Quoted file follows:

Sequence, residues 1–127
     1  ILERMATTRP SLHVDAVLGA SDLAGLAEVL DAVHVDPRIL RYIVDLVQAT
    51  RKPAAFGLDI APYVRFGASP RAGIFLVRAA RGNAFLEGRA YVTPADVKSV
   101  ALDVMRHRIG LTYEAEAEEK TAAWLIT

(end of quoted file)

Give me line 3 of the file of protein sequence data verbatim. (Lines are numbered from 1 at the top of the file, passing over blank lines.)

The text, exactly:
    51  RKPAAFGLDI APYVRFGASP RAGIFLVRAA RGNAFLEGRA YVTPADVKSV